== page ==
Oil rebounded from an eight-month low as the market shrugged off a US report showing swelling crude stockpiles and slumping demand. 

West Texas Intermediate advanced 2 per cent in a move traders characterized as a technical correction following crude’s descent into oversold territory. The jump came even as US oil inventories rose 8.85 million barrels last week and one measure of gasoline demand plunged below seasonal 2020 levels.

“Crude is trying to bounce off the lowest levels since March as the last two weeks’ selloff in prices stemmed from a perceived slowdown in both Asia and Europe with expectations that demand destruction is coming,” said Dennis Kissler, senior vice president of trading at BOK Financial. 

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Crude’s tumble in recent days has seen it break out of the trading range it’s been in for much of the summer. Futures have been trading below key moving averages and forming bearish technical patterns that compounded the recent sell-off. Monetary tightening and concerns about an economic slowdown have also weighed on the market.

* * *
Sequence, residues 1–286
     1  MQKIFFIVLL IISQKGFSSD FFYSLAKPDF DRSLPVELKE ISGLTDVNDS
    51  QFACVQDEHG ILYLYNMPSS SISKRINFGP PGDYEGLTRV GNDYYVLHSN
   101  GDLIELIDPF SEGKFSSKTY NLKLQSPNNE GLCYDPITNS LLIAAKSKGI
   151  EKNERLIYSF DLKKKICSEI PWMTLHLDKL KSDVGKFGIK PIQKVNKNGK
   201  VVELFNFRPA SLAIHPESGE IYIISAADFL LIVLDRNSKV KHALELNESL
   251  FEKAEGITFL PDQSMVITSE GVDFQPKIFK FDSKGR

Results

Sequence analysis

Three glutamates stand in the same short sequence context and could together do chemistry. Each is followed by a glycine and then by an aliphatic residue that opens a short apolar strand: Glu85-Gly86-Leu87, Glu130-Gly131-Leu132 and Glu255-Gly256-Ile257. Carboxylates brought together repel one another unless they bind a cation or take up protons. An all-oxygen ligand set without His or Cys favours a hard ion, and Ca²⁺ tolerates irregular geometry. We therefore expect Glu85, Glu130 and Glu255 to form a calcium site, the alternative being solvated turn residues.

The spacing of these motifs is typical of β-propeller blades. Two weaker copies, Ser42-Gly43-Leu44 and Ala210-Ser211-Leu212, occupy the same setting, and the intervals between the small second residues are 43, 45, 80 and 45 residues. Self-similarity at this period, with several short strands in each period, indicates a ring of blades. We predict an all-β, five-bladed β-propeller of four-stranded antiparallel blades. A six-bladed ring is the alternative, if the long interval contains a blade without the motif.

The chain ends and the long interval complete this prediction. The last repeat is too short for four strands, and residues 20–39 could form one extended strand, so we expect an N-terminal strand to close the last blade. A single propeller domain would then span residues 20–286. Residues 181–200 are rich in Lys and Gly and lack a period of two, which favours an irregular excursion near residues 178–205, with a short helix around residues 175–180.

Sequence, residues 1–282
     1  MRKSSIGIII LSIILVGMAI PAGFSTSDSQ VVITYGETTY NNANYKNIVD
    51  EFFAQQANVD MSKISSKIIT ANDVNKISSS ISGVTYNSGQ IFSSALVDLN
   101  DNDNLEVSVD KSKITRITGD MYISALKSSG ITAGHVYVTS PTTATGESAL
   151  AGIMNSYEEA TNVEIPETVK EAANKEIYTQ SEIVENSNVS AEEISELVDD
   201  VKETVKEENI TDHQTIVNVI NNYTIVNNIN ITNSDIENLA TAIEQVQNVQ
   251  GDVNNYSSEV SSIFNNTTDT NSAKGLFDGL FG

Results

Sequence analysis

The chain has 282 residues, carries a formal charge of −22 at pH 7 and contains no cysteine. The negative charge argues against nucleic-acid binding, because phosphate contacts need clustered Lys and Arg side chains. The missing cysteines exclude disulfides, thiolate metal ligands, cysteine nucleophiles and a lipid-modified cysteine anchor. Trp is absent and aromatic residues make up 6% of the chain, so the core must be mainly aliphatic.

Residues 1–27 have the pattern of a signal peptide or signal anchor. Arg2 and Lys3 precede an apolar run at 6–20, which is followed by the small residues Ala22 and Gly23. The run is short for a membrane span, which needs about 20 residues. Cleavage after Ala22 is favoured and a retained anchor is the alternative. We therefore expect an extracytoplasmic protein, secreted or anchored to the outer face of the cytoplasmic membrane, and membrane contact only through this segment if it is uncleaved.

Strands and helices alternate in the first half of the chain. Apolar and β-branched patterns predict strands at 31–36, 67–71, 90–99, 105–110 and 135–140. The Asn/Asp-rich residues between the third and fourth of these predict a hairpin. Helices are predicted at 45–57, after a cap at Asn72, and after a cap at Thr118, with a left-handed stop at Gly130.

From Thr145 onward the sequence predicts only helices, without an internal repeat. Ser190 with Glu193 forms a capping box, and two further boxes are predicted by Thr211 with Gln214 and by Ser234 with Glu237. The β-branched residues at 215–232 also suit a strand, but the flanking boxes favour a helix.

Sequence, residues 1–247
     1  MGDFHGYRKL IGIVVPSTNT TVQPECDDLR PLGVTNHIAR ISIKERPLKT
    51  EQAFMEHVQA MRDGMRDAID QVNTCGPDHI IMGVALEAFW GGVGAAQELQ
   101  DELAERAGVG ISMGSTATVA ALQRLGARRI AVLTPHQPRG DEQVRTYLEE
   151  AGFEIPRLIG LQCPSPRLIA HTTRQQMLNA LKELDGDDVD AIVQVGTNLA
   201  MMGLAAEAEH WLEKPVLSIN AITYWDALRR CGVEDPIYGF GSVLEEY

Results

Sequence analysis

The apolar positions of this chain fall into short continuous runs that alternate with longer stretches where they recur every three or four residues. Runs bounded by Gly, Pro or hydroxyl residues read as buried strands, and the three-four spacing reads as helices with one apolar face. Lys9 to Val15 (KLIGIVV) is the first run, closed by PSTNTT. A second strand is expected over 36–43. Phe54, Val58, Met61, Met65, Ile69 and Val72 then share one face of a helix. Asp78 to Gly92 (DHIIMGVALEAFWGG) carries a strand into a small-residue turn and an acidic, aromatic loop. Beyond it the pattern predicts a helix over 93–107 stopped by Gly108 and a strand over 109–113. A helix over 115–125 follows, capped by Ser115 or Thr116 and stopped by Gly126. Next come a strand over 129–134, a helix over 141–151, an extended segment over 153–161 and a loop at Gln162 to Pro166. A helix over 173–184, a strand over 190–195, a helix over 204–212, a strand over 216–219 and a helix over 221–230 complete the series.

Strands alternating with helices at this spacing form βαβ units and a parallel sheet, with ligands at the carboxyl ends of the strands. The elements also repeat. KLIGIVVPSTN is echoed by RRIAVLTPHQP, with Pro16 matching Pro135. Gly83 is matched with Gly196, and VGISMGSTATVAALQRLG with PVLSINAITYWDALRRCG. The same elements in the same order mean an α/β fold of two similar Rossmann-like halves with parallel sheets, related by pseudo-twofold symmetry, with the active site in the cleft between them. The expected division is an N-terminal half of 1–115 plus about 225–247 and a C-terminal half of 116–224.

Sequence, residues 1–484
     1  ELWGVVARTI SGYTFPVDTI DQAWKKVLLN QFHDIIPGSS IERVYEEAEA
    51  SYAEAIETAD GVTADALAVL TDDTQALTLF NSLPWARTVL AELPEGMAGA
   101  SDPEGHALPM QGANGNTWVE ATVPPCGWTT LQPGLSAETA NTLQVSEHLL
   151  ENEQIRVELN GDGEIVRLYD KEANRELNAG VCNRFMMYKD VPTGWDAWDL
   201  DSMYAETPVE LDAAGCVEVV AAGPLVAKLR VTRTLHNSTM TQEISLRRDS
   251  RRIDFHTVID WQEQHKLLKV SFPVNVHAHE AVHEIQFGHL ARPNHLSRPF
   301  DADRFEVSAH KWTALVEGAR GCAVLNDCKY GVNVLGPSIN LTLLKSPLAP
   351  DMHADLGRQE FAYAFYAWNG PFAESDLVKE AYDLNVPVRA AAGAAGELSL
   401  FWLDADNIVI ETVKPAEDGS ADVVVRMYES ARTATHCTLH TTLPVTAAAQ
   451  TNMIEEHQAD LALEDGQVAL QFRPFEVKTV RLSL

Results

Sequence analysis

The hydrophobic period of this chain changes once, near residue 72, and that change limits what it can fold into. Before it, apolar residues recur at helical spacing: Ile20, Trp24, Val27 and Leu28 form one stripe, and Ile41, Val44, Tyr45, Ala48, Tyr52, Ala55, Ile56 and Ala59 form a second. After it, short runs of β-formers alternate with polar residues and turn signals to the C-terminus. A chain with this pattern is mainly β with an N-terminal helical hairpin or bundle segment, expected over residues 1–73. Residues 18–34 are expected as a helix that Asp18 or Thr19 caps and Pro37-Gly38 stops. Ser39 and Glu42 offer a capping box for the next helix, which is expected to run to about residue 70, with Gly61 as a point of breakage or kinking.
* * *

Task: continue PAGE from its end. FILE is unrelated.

• WTI for October delivery rose US$1.60 to settle at US$83.54 in New York.
  • Brent for November settlement rose US$1.15 to settle at US$89.15 a barrel.

“The rising US dollar to multi-year highs has been a big bearish factor to crude and with the Fed set to raise interest rates again, the strength looks to continue,” said Kissler. That along with China locking back down has “spooked” the energy sector. 

Meanwhile, the Biden administration is weighing the possiblity of another release from the Strategic Petroleum Reserve to stave off an oil-price spike when EU sanctions on Russian supplies take effect this winter. 

Still, the WTI prompt timespread, an indicator of market tightness, widened Thursday after oil inventories at the Cushing, Oklahoma, storage hub declined for a second week. In another bullish signal, the Energy Information Administration raised its outlook for global oil demand Wednesday, while also cutting the forecast for US supply.